If the world makes it through the current market turmoil all right, we can thank the globalization of finance — and the hedge funds that enable it. Brad DeLong on Fear of Finance. From The Economist, in praise of usury: Ignore credit snobs. It is no sin to profit from lending to the poor. The Loan Comes Due: Only two months ago, it seemed as if almost any company could borrow money at low interest rates. Now loans seem to be drying up everywhere (and a graphic on Housing Busts and Hedge Fund Meltdowns). What’s a Fed Chairman to Do? Federal Reserve Chairman Ben S. Bernanke must walk the fine line between creating a bubble and risking a slowdown. Brookings scholars and budget experts describe ways to reduce the deficit by cutting spending and raising revenues. From TNR, a look at why the corporate-tax loophole must be closed. 

An interview with Carol Fishman Cohen, co-author of Back on the Career Track: A Guide for Stay-At-Home Moms Who Want to Return to Work. A review of Off-Ramps and On-Ramps: Keeping Talented Women on the Road to Success by Sylvia Ann Hewlett. A review of The Fortune Hunters: Dazzling Women and the Men They Married by Charlotte Hays. 'Til Tech Do Us Part: Joint bank account? Check. Merging the MP3 collection? Hold on a minute. Couples are struggling with just how much to combine the digital aspects of their lives. Why spouses are bickering over shared email accounts and his-and-hers blogs. Boys' birthrate advantage is slipping: Most expectant parents figure their chances of having a baby boy vs. a baby girl are 50-50, but that's actually not the case. Now you can track your kids by GPS: Tim Dowling believes firmly in exposing children to as much risk as they can handle, even when it is more risk than he can handle. 

A review of Why Beauty is Truth: A History of Symmetry by Ian Stewart. A review of A Natural History of Time by Pascal Richet. A review of Endless Universe: Beyond the Big Bang by Paul J. Steinhardt and Neil Turok. A review of Space as a Strategic Asset by Joan Johnson-Freese; and can’t all space nerds get along? If an asteroid impact destroys most of life on Earth, it won't be for lack of effort by Rusty Schweickart. An excerpt from Rocketeers: How a Visionary Band of Business Leaders, Engineers and Pilots Is Boldly Privatizing Space by Michael Belfiore. Malicious, vindictive and mean-spirited. These are words that might surface in divorce court. But they have been lobbed in the course of a different estrangement: the standoff between the Bush administration and the nation's scientific community.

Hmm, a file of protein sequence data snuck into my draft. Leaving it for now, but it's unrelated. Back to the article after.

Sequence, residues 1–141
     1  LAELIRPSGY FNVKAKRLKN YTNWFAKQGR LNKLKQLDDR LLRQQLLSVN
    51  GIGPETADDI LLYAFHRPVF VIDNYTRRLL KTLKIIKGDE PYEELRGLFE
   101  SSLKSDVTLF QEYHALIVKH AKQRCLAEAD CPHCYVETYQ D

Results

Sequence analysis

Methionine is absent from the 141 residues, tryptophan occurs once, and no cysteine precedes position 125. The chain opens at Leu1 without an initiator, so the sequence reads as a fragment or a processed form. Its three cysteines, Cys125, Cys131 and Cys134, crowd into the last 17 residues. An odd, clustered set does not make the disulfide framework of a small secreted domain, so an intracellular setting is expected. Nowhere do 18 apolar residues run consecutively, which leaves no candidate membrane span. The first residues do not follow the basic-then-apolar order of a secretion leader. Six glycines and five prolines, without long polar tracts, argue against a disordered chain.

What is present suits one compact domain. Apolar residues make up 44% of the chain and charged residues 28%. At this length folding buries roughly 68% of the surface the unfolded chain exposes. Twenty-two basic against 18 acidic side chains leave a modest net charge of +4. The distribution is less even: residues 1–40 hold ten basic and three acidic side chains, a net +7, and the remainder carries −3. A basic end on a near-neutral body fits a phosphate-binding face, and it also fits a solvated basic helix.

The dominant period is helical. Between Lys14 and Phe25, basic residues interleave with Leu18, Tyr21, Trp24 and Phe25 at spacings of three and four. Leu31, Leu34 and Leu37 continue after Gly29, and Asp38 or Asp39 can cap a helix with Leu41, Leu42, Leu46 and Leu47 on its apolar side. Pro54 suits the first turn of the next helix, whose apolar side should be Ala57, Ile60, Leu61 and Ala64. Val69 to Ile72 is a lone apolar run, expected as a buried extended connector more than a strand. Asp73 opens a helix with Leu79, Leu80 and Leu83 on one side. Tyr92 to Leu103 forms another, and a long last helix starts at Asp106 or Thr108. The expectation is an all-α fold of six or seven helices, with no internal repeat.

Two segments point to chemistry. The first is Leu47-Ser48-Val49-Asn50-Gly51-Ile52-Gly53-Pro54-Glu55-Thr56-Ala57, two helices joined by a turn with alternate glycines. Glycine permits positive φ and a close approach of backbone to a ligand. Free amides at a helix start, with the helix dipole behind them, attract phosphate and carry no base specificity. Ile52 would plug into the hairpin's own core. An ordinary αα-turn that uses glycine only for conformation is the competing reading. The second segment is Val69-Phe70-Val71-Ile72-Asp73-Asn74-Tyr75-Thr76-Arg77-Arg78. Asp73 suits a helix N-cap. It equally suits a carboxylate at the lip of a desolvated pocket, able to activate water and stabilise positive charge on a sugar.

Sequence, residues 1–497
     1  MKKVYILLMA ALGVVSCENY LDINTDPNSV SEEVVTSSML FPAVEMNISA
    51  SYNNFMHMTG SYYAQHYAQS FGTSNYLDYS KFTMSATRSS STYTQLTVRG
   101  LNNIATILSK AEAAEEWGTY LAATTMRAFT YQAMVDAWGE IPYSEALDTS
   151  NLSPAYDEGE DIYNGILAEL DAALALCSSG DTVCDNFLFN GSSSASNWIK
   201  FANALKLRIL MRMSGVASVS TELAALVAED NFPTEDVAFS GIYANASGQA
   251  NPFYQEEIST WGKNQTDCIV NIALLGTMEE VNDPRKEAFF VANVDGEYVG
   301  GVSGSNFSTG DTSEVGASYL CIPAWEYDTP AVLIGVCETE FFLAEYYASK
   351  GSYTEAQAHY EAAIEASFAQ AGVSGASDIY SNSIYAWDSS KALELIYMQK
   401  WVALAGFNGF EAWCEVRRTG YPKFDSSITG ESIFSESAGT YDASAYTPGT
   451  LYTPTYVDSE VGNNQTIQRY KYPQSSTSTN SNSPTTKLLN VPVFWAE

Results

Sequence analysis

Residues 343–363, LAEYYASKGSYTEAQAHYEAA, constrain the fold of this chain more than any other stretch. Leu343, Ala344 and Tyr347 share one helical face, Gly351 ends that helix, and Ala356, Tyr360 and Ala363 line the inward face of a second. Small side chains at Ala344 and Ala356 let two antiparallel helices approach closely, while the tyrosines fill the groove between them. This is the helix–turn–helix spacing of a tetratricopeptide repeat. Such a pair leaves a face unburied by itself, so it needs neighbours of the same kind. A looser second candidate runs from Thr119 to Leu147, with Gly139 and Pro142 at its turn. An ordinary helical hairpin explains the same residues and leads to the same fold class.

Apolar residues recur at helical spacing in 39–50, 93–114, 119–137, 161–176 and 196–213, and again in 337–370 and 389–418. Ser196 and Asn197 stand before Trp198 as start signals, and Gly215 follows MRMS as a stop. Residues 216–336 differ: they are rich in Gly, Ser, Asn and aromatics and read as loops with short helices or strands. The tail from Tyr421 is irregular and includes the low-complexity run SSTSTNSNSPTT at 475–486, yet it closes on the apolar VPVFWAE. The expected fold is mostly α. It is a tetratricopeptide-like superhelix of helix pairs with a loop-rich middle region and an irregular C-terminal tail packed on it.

From Physics Today, Science and the Islamic world: Internal causes led to the decline of Islam's scientific greatness long before the era of mercantile imperialism. To contribute once again, Muslims must be introspective and ask what went wrong. A review of Galileo Antichrist: A Biography by Michael White. A review of Einstein: His Life and Universe by Walter Isaacson. A review of Suffer and Survive: The Extreme Life of JS Haldane by Martin Goodman. So what if he was afraid of bananas? A review of Max Perutz and the Secret of Life by Georgina Ferry (and more). A review of Six Feet Over: Adventures in the Afterlife by Mary Roach. 

Nose goes, gender bends: Knocking out pheromone sensor makes female mice act male. Supply, Demand, and Kidney Transplants: A bad incentive structure creates a dire shortage. A review of The Case Against Perfection by Michael J. Sandel. Cold-blooded morality: Does morality or ethics rise more from recently developed social conventions (human invention, in other words) or from brain-based cognitive systems that first developed in our evolutionary ancestors? Whenever scandals break, the rest of us shake our heads and ask, "What were they thinking?" Hot and cold emotions make us poor judges. How to weigh brains and restrict people: A review of IQ: the Brilliant Idea that Failed by Stephen Murdoch. Testing Testers, Finding Flaws: Researchers have proved adept at exposing gaps in logic that can result from expert biases and mistakes.